Push Continues to Invalidate L.A. County Voting Districts
Dept. of Justice not likely to act before June Primary.
By Paul Aranda, Jr., EGP Staff Writer
Efforts to get the U.S. Department of Justice to pursue voting rights violations against Los Angeles County may not occur in time to impact upcoming primary elections for the Board of Supervisors this summer.
A team of Latino advocates and legal professionals have steadily advocated the U.S. Department of Justice open a voting rights case against the county for failure to create a second supervisor district with a Latino voting population majority. Not much has changed since a series of news reports were published late last year when the Justice Department acknowledged it is reviewing documents received in the voting rights case.
One of the primary proponents of a potential lawsuit is Alan Clayton, who served 18 years as the executive director of equal employment opportunity of the Los Angeles County Chicano Employees Association. Clayton has a long history of advocating on behalf of Latinos in the county and has continued to press this issue since his retirement from LACCEA in 2006. A second Latino district is vital to an expanding population with similar issues throughout the county, Clayton said.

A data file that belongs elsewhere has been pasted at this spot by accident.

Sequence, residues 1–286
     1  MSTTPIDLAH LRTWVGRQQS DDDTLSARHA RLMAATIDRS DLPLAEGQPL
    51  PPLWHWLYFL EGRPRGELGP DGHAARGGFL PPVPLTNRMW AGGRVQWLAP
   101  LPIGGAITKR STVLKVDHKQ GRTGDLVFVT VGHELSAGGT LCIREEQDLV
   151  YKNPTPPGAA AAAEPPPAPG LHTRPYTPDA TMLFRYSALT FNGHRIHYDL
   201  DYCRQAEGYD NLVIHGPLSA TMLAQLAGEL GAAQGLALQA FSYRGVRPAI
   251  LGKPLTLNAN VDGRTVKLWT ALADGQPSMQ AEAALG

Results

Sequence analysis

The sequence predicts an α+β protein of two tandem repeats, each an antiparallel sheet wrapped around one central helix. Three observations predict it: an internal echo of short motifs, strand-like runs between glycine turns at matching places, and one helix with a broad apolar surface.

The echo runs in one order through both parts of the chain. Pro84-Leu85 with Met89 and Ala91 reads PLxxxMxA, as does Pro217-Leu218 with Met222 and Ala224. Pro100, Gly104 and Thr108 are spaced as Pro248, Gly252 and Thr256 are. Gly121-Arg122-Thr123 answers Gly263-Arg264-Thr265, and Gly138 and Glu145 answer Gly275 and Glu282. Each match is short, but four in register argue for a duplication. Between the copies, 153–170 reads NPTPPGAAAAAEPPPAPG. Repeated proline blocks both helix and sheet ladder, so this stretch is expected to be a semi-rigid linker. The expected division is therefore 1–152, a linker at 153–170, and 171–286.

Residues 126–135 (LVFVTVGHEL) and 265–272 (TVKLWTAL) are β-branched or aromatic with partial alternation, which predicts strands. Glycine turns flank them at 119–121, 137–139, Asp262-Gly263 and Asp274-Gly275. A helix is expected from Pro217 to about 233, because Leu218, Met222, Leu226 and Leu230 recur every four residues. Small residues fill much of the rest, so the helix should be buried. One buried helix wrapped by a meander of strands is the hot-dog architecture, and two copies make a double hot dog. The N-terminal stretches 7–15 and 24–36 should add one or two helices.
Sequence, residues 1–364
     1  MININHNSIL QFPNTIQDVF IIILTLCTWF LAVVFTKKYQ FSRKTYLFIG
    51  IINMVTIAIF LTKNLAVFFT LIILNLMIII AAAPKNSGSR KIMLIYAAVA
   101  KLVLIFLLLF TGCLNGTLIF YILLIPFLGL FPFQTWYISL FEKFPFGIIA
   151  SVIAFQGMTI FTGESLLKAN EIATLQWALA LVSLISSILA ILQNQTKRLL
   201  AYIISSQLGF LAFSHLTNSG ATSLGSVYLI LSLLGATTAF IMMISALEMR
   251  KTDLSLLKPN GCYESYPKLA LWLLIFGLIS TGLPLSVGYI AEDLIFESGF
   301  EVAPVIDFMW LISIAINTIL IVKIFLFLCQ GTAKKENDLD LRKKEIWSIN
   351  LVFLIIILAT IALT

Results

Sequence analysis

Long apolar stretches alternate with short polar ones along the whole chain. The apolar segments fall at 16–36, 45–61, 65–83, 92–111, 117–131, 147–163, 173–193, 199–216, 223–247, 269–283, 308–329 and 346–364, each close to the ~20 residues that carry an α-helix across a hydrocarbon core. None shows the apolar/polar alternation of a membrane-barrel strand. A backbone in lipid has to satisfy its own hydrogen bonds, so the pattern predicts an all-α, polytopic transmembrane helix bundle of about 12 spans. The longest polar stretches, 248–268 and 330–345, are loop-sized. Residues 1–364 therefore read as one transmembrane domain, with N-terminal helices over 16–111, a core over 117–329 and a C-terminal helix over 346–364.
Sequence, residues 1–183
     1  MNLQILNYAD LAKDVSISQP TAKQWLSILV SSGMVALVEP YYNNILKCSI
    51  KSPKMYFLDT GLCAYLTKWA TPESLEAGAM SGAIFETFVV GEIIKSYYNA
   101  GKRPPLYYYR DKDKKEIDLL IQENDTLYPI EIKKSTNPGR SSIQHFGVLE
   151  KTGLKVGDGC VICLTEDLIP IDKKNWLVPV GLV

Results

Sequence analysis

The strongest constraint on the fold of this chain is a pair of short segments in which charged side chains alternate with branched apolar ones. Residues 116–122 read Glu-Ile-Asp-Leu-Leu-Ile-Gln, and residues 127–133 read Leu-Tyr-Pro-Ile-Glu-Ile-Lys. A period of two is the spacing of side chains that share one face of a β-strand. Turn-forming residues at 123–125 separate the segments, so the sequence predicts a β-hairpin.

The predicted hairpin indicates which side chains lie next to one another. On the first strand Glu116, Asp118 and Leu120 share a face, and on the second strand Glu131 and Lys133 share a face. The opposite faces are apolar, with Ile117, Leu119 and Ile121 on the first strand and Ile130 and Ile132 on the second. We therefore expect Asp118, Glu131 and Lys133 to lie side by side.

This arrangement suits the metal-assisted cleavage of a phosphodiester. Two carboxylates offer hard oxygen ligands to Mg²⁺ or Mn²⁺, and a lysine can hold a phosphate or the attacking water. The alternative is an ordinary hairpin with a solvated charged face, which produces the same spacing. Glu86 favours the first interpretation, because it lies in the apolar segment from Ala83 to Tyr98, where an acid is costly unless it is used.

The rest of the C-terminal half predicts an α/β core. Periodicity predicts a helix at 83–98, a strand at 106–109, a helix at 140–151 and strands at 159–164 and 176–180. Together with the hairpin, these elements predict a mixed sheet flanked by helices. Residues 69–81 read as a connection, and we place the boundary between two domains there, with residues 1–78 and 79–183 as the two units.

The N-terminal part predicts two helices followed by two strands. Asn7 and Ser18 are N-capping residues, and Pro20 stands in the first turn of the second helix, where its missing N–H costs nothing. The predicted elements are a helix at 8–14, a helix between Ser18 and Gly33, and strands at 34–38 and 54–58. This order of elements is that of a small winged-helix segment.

“I have been advocating on behalf of Latinos for years on issues such as bicultural county staff and increased public transportation,” Clayton said. “I know how bad it is for Latinos. I am very familiar with what the county doesn’t do.”
Clayton says a second Latino district would lead to more diversity in the ranks of commissioners and department heads that have lead roles in allocating key funding and vital social services for residents. With nearly 10 million residents, Los Angeles County would be the eigth-largest state by population. The Board of Supervisors oversees a $24.7 billion budget. Given the county supervisor’s unique authority as both an executive and legislative authority, Clayton believes federal action is necessary. “This is the largest case in the country,” Clayton told EGP.